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Where do you put your glue-ups? On the floor where you might trip over them? On your bench so you have to wait for it to dry before you can be productive again? Pony Mounted Clamp Collars let you mount glue-ups on the wall and out of the way, freeing up space to get more done.

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Used for 3/4″ pipe clamps, the collars slide into a bracket that you mount on the wall. The free ends of the pipe clamps slide into the collar and are secured with thumbscrews. Since the pipe clamps are hanging from the wall, you need to be careful about how much weight you put on the clamps. They recommend no more that 200 lbs. on 3-foot long pipe clamps, though I’m not sure if that’s for a single pipe clamp or two.

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Pipe clamps aren’t the optimal clamp to use for glue-ups, but they are cheap. You can usually buy three or more pipe clamps for the price of one parallel jaw clamp. Plus, they’re very versatile — you’re only limited by the length of threaded black pipe you have on hand. Some of their downsides are the jaws don’t always stay parallel and the workpiece can buckle if you’re not careful to support both faces.

Pony’s double pipe design attempts to remedy these shortcomings by using two pipes instead of one. The clamps straddle the glued panel, keeping it flat. The pipes are spaced wide enough apart to accommodate stock up to 3″ thick.

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Slide these veneer clamp screws over some 1/2″ or 3/4″ pipe clamps and you have a deep-reach surface-clamping jig for veneering, laminating, or whatever other use you can imagine.  They’ll work in conjunction with Pony-style 50, 52, and 56 pipe clamps, or put them in your own custom fixture.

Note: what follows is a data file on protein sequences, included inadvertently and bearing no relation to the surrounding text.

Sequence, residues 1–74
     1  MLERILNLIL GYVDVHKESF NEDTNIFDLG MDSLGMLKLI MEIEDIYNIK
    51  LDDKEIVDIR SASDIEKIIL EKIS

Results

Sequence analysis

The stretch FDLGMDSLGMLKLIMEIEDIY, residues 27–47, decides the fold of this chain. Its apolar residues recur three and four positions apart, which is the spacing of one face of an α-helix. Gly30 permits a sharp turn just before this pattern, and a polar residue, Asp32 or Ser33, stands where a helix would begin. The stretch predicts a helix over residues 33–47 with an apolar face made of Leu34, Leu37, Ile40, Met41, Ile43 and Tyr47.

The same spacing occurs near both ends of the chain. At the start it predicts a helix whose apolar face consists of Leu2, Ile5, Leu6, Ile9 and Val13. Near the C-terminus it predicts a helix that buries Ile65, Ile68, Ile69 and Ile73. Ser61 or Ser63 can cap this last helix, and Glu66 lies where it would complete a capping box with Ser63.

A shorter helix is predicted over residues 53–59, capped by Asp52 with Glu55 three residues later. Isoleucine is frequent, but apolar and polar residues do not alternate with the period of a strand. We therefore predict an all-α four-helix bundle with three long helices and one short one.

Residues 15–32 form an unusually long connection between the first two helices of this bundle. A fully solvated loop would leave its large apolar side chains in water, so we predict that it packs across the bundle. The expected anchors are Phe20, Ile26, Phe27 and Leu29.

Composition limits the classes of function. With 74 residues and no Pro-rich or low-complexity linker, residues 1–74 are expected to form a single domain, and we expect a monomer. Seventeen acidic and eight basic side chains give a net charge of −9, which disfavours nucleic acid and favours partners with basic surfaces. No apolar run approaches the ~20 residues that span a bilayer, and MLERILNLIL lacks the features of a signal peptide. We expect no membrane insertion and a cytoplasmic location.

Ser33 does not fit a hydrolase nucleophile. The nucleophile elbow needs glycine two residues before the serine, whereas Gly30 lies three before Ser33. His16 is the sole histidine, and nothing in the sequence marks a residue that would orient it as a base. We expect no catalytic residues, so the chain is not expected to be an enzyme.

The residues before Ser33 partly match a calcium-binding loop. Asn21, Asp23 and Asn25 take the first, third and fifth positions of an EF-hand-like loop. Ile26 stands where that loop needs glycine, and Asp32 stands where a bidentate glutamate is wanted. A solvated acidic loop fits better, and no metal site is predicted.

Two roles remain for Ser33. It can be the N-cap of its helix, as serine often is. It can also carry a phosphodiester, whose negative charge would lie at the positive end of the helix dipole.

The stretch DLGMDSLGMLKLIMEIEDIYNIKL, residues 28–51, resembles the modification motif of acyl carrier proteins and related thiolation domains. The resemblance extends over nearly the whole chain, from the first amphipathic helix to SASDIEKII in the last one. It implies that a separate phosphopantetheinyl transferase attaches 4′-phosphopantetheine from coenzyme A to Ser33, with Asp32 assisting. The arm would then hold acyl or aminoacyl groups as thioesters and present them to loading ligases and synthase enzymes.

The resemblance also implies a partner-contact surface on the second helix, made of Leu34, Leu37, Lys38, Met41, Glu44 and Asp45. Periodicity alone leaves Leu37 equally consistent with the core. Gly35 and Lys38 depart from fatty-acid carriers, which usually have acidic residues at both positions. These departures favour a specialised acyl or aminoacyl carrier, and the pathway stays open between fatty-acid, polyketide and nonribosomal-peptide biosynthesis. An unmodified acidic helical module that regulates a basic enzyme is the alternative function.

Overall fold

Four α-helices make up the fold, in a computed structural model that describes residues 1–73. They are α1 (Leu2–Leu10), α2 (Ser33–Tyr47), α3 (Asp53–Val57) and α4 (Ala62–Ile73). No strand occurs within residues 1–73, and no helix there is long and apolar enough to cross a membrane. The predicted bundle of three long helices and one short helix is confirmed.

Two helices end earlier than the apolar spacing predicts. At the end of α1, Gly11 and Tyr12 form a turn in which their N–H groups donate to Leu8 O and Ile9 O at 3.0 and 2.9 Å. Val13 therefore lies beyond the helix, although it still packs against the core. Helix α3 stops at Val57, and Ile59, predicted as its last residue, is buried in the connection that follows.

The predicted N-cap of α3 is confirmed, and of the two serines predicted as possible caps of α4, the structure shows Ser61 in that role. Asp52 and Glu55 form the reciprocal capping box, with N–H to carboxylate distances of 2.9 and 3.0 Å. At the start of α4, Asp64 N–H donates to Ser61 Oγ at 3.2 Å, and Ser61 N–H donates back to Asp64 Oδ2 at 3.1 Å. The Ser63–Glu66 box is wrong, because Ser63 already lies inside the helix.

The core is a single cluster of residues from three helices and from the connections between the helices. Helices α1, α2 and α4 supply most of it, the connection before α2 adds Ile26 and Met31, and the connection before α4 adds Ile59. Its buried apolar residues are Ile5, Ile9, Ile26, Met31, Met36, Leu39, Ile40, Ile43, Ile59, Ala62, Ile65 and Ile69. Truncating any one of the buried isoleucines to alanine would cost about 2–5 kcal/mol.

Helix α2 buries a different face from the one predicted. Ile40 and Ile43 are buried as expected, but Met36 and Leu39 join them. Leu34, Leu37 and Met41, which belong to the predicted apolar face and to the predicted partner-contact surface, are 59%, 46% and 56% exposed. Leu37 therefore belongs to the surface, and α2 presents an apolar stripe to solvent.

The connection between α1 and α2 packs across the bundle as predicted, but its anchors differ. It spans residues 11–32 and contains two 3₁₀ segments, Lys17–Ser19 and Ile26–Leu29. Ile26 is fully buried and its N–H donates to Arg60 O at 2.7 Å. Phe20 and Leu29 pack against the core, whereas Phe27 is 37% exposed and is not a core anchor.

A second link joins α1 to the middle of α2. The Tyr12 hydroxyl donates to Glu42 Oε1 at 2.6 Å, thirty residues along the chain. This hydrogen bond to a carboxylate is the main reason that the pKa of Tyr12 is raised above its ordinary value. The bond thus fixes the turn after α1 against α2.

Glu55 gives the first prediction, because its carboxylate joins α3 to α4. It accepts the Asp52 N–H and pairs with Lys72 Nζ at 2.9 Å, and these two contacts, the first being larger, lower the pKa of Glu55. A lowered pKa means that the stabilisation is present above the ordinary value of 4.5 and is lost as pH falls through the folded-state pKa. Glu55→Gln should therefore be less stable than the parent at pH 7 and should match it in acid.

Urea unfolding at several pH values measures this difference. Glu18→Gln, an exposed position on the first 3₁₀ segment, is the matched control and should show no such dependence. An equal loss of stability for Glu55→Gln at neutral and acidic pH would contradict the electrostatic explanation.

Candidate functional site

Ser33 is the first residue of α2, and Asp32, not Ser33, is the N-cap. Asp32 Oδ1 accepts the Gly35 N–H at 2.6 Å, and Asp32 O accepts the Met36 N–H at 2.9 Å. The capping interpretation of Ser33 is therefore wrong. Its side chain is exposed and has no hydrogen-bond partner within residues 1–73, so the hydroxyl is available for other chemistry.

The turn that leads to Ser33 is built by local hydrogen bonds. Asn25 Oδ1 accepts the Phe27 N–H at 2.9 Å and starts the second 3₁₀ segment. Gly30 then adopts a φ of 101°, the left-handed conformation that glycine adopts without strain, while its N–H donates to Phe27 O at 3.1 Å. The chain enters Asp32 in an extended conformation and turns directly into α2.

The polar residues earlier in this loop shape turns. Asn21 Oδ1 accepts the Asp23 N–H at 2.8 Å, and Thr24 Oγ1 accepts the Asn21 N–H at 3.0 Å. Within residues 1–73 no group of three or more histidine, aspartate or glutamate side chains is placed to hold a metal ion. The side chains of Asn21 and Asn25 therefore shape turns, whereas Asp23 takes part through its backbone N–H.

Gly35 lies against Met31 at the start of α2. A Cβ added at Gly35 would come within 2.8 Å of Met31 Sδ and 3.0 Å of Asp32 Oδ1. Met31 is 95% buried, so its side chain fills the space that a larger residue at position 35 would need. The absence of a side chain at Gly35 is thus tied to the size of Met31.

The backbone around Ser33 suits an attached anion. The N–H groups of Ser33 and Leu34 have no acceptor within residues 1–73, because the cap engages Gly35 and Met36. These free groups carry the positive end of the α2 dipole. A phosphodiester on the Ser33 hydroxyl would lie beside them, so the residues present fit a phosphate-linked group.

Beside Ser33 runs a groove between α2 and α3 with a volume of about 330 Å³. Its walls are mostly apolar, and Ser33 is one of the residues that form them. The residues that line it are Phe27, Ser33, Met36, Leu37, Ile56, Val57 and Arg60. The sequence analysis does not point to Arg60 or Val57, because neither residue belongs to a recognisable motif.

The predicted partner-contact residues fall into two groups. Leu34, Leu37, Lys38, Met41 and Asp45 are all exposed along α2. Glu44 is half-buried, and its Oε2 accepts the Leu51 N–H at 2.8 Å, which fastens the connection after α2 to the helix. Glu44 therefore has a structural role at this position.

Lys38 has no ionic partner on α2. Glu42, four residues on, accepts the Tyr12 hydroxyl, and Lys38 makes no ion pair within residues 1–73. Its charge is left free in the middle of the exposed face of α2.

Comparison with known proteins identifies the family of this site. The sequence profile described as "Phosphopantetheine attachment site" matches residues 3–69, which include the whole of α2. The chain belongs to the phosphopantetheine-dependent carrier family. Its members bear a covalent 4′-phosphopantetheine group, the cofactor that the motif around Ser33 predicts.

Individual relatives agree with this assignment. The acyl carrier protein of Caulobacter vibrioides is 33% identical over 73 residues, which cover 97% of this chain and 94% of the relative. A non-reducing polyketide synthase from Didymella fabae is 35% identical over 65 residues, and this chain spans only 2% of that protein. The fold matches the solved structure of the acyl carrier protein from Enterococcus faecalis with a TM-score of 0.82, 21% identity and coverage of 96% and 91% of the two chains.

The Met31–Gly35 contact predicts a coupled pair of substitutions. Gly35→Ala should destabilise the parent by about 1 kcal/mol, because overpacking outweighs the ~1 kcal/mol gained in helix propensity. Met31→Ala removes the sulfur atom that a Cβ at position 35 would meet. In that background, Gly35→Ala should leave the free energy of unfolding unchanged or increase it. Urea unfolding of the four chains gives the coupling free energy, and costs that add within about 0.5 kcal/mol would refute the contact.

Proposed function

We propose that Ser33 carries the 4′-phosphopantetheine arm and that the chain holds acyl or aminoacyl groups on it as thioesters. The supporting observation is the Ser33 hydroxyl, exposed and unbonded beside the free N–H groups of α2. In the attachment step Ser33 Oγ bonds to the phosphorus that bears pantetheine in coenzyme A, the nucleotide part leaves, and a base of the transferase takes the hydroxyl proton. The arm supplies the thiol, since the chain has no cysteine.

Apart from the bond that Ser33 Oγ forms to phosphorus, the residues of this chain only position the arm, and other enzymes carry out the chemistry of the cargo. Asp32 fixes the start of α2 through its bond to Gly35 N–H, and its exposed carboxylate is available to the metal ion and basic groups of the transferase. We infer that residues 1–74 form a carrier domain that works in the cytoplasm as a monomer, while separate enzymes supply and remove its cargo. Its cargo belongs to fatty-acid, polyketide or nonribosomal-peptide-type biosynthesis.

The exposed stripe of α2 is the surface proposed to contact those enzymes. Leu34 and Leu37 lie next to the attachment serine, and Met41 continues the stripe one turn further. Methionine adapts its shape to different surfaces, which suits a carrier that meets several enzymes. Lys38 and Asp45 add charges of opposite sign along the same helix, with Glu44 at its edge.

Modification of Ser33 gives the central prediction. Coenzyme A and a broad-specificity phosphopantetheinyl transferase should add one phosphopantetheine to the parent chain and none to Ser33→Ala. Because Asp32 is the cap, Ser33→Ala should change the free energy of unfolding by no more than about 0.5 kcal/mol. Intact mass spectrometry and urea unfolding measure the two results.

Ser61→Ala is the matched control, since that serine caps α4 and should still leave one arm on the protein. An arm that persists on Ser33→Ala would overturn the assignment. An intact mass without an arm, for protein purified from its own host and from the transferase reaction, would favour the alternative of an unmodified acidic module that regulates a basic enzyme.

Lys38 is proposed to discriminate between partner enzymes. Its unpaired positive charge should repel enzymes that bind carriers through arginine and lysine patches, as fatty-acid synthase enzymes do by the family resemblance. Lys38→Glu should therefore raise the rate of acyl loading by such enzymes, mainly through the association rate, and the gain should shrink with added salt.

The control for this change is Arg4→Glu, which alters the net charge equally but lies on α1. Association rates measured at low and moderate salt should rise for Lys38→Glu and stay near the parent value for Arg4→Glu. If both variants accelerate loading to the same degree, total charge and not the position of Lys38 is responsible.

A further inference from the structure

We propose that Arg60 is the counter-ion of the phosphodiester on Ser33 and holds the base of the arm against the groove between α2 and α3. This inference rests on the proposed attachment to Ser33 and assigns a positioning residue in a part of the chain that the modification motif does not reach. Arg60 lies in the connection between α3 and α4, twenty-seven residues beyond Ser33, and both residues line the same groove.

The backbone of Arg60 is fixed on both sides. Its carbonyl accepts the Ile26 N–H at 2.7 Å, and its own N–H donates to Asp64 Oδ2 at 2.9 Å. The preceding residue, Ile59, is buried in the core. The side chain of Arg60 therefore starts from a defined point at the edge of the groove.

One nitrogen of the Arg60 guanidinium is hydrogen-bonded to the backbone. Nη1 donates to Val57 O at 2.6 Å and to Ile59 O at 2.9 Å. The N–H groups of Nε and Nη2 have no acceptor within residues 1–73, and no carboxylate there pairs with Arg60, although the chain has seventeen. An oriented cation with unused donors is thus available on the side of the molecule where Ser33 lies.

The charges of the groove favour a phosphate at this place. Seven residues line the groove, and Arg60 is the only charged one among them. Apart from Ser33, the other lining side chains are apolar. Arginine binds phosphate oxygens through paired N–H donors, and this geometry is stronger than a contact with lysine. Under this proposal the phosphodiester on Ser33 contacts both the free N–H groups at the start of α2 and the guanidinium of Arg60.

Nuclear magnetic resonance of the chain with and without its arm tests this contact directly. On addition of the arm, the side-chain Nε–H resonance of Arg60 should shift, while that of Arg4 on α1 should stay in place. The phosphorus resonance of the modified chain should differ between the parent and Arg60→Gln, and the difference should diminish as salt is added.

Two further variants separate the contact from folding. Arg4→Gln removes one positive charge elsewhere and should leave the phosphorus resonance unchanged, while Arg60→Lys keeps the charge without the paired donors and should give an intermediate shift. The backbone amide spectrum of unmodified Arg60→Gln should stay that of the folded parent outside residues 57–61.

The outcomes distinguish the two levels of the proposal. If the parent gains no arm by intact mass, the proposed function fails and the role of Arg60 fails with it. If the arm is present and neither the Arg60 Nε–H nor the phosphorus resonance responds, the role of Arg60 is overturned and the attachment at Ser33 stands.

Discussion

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You can never have too many clamps in the shop, and specialized ones are better still. Take the cabinet claw, a clamp that makes it easy to align the faces of two pieces of wood — it allows you to pre-drill for assembly screws using a drill guide built right into the clamp.

The cabinet claw can hold two stiles with widths of 1-1/2″ to 2″ each, for a total width of 4”, and a thickness of 1-1/2″ each. The pre-drill hole, which is located on one of the clamp arms, allows you to drill a guided hole and drive a fastener through each piece, for an accurate alignment and tight fit.

We can see where this would be handy for cabinetry and furniture building — we just wish it came in a bigger size. But any help keeping seams tight is better than nothing.

Street pricing starts around $55.

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Bowed or warped boards are a sure-fire sign of amateur decking work.  Adjustable Clamp, however, claims their Pony Clamp Board Boss holds curved boards straight and in-line for a pro-looking installation.

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